“Undermining Democracy: Book Bans in U.S. Public Schools Surge by 33% in One Year”

In a recent report from Pen America, it was revealed that there were 3,362 occurrences of book censorship in educational settings, with over 40% of these incidents taking place in the state of Florida.

The individuals whose books were singled out for censorship were primarily women, people of color, and members of the LGBTQ+ community. This information is illustrated by a photo showing a banned books display at a Barnes & Noble bookstore in Pittsford, New York State, taken by Ted Shaffrey/AP.

A recent study conducted by Pen America, a nonprofit advocating for literary freedom, has revealed a 33% increase in book bans within U.S. public schools during the previous academic year. The research covered the period from July 2022 to June 2023 and identified 3,362 instances of book censorship across 1,557 different titles in public school classrooms and libraries.

The report titled “Banned in the USA: The Growing Pressure for Censorship” highlighted that over 40% of these cases were concentrated in Florida, making it the state with the highest number of bans, surpassing Texas. Additionally, states such as Missouri, Utah, and Pennsylvania also reported substantial levels of book banning incidents.

The report further emphasized that the authors targeted by these bans were predominantly women, people of color, and/or LGBTQ+ individuals. It revealed that 30% of the banned books involved characters or themes related to race and racism, 30% featured LGBTQ+ characters or themes, and 6% included transgender characters.

Author John Green expressed his dismay over the significant increase in book bans and limitations, stating, “It’s disheartening to witness such a sharp uptick in the prohibition and restriction of books.” Green’s own book, “Looking for Alaska,” ranked as the third most frequently banned title in U.S. schools. He went on to assert, “We should have confidence in our educators and librarians to fulfill their roles. If one’s worldview can be shaken by a book, I would argue that the issue lies not with the book itself.”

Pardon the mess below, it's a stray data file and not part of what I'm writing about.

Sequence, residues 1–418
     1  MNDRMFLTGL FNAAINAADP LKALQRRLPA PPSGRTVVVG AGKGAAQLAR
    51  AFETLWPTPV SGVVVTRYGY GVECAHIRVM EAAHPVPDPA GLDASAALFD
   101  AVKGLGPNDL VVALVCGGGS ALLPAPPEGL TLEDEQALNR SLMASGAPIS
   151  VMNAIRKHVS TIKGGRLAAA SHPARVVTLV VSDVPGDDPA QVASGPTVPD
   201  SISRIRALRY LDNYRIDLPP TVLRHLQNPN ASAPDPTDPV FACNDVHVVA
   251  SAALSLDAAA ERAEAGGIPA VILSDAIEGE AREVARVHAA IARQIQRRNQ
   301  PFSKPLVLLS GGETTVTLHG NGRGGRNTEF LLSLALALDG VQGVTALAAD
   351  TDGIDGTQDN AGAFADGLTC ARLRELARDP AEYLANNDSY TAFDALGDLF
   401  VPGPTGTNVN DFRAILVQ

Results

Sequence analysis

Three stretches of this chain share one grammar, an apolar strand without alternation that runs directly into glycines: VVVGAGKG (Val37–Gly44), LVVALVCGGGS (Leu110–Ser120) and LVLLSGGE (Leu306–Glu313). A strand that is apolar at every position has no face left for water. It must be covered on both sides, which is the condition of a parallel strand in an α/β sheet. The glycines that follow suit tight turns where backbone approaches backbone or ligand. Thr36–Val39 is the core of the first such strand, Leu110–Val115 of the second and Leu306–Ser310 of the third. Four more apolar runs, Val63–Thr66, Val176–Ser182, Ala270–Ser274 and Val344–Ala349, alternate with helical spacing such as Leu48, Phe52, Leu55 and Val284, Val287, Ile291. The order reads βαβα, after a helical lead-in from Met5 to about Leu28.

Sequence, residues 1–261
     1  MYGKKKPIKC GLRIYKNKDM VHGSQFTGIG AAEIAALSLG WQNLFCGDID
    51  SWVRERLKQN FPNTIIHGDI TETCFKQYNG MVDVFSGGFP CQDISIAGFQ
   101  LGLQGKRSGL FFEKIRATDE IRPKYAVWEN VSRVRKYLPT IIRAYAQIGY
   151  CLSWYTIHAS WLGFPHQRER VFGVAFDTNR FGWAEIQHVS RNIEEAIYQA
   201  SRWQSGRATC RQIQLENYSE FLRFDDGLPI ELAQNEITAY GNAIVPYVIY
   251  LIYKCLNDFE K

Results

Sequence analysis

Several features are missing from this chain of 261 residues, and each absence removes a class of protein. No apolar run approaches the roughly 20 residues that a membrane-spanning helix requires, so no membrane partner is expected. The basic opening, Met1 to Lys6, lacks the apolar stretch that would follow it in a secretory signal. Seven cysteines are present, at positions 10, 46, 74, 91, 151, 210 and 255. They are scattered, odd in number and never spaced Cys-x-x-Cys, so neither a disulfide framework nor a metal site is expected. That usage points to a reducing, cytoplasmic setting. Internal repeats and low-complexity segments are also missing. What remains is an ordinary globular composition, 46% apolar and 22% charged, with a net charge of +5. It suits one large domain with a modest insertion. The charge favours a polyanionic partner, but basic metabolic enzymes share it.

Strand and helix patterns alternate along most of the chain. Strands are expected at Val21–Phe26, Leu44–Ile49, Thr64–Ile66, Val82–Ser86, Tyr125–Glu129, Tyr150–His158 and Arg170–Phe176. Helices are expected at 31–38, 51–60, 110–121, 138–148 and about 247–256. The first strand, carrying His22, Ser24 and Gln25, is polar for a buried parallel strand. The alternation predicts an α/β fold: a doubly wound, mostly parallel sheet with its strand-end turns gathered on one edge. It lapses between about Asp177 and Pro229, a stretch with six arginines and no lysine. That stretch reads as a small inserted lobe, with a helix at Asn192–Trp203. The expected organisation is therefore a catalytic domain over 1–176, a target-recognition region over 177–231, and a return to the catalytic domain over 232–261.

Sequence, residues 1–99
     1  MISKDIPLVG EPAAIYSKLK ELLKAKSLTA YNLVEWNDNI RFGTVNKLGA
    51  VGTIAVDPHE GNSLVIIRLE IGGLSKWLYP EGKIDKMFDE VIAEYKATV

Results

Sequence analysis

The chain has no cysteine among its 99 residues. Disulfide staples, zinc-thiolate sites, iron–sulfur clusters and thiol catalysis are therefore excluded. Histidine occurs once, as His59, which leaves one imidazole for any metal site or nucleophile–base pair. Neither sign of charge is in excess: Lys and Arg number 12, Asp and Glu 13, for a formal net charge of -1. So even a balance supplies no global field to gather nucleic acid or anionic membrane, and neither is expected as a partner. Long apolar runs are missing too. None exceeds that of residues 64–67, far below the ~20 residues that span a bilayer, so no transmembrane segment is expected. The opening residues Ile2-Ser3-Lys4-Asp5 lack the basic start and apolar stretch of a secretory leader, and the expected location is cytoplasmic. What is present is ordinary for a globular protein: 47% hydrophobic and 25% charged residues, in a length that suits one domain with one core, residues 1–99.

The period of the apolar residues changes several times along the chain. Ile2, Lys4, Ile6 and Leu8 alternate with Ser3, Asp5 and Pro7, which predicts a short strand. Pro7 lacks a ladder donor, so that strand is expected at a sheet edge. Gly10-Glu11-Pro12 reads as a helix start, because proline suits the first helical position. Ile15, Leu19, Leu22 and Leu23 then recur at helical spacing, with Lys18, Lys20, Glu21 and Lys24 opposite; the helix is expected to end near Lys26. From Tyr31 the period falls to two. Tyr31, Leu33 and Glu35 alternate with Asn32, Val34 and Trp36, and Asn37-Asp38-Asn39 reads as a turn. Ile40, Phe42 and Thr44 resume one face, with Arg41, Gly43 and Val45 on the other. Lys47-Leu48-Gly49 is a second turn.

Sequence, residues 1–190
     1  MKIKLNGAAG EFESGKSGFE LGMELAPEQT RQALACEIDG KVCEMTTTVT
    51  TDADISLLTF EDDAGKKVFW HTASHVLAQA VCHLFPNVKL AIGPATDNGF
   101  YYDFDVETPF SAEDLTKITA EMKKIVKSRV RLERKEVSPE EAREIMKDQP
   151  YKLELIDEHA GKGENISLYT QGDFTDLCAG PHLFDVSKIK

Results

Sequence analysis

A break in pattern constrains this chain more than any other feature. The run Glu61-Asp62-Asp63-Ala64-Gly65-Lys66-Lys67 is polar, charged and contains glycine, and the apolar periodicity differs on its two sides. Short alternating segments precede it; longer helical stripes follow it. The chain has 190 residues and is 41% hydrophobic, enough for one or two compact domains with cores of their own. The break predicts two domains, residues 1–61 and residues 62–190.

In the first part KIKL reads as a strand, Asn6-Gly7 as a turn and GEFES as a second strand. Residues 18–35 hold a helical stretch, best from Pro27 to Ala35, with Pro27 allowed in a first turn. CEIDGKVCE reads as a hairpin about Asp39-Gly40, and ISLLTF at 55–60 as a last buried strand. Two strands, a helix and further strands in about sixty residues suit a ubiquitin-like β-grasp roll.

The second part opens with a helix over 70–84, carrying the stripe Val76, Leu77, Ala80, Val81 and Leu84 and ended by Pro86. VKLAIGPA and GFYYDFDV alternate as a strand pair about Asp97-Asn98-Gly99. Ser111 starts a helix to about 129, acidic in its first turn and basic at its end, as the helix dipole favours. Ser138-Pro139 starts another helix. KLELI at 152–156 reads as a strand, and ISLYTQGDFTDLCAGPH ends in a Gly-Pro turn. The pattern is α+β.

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Pen America’s study also revealed that over 75% of the banned books belong to genres specifically intended for young readers, encompassing young adult, middle grade, picture books, and chapter books. Kasey Meehan, the report’s primary author, pointed out, “Exaggerated and deceptive language continues to fuel apprehension regarding the kinds of books found in schools. Surprisingly, 75% of all banned books are expressly crafted and chosen for young audiences.”

This study from Pen America follows closely on the heels of a report by the American Library Association, which disclosed that book bans in educational institutions, public libraries, and academic libraries had reached an all-time high in the initial eight months of 2023.

Among the books banned in more than 20 school districts are “The Bluest Eye” by Toni Morrison, “A Court of Mist and Fury” by Sarah J Maas, “Gender Queer: A Memoir” by Maia Kobabe, and “The Perks of Being a Wallflower” by Stephen Chbosky.

The report highlighted that the combined influence of advocacy groups and recent state legislation is having a profound, chilling effect on the availability of books in schools.

Suzanne Nossel, the CEO of Pen America, expressed concern, stating, “Those who are determined to stifle narratives and ideas are transforming our educational institutions into arenas of conflict. This exacerbates the educational setbacks experienced post-pandemic, forces educators to leave their profession, and denies the pleasure of reading to our children.” Nossel added, “By withholding the freedom to read from an emerging generation, these prohibitions are eroding the very foundations of our democracy.”

The study also noted an increase in students’ efforts to resist book bans. This resistance takes the form of protests, voicing their concerns at school board meetings, and establishing organizations committed to safeguarding access to literature within educational settings.

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